Michael Squire: Reading Roman Portraiture with Optatian
This lecture takes its lead from research into the 'language' of Roman portraiture. More specifically, it explores a work that literalises the idea of 'reading' a Roman portrait (to quote Sheldon Nodelman's phrase): a picture-poem by Publilius Optatianus Porfyrius —active in the first decades of the fourth century AD — that purports, through its iconotextual form, to visualise the countenance of the emperor Constantine (uultus Augusti). After a brief introduction to Optatian and his œuvre, the lecture offers a close reading of his third poem, demonstrating the sophisticated ways in which it probes the latent iconic potential of written script. What particularly interests me about this case study is its underlying paradox: on the one hand, Optatian boasts that his painted page will outstrip antiquity's most celebrated painter (it 'will dare outdo the waxes of Apelles': uincere Apelleas audebit pagina ceras); on the other, the actual form of the picture seems to eschew mimetic modes of representation, rendering Constantine's 'portrait' a geometric pattern. So how should we make sense of this image? What does the poem reveal about ideas of portraiture in the fourth century? And how might we contextualize Optatian's abiding fascination with the limits of 'seeing' and 'reading'?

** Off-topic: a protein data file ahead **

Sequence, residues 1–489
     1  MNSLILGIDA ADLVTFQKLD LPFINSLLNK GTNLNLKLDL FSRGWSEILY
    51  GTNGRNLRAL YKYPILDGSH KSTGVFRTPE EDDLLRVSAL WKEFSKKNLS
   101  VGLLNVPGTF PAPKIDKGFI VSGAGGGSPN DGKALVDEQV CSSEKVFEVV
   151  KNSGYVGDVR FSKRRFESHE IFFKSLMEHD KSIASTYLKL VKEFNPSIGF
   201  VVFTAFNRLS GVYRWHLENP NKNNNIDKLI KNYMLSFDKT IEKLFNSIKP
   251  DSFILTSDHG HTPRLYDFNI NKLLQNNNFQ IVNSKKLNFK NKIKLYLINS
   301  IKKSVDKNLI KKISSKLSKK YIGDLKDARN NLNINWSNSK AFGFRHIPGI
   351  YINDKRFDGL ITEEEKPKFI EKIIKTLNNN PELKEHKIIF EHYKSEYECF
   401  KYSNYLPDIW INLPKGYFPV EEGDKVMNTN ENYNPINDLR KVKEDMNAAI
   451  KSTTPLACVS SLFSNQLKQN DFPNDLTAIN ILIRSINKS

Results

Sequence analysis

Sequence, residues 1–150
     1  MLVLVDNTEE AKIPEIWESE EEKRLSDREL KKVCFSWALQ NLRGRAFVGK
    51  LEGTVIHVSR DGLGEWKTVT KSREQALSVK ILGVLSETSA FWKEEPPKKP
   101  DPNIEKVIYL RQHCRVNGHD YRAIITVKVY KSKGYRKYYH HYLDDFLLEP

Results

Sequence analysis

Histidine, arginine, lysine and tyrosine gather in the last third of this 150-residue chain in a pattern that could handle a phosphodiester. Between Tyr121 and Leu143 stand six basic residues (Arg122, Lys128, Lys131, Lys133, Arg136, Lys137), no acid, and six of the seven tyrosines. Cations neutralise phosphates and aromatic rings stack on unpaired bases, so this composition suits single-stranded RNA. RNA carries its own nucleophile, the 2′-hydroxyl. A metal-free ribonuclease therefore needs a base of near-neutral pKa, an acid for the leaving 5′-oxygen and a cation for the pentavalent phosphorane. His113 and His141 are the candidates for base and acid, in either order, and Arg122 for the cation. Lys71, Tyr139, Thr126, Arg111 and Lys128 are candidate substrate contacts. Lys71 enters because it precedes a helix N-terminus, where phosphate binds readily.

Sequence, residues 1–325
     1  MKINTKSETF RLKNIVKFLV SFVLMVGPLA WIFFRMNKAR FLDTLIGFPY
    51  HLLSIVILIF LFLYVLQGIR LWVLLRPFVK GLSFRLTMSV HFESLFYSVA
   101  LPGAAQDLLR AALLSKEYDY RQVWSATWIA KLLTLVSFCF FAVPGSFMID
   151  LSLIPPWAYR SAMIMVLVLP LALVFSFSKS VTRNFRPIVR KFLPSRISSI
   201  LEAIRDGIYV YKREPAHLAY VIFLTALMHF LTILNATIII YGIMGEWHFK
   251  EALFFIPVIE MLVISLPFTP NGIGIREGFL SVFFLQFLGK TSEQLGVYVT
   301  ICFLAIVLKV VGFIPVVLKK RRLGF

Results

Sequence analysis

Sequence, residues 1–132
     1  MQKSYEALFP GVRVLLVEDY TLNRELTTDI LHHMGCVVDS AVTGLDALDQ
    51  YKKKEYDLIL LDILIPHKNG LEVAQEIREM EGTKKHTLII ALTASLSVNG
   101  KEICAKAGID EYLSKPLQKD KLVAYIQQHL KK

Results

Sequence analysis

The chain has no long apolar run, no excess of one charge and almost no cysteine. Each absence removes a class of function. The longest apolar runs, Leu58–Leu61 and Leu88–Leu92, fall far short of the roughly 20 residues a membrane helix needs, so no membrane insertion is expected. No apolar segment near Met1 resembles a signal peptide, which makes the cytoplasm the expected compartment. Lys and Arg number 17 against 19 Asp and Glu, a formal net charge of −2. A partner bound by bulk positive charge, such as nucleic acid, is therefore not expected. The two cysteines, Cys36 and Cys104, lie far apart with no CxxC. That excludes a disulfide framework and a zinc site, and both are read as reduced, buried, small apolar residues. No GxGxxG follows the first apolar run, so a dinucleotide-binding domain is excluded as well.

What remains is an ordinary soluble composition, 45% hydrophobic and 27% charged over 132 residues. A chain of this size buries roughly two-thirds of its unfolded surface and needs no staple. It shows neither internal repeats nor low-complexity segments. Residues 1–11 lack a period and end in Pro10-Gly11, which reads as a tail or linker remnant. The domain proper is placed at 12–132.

Michael Squire is Reader in Classics and Art History at King's College London; he has held fellowships at Cambridge, Cologne, Harvard, Munich, Stanford, the Max-Planck Institut für Wissenschaftsgeschicthe and Wissenschaftskolleg zu Berlin. His books include Panorama of the Classical World (2004, with Nigel Spivey); Image and Text in Graeco-Roman Antiquity (2009); The Art of the Body: Antiquity and its Legacy (2011); and The Iliad in a Nutshell: Visualizing Epic on the Tabulae Iliacae (2011). Recent edited volumes have explored the sense of sight (2016), ancient framing devices (2017, with Verity Platt), the picture-poetry of Optatian (2017, with Johannes Wienand), Lessing's Laocoon (2017, with Avi Lifschitz), Hegelian aesthetics (2018, with Paul Kottman), 'ornament and figure' (2018, with Nikolaus Dietrich) and 'embodied objects' (2018, with Milette Gaifman and Verity Platt). He is currently leading a project on 'Modern Classicisms' (www.modernclassicisms.com), and has curated the current exhibition in London (Bush House and Somerset House), dedicated to The Classical Now.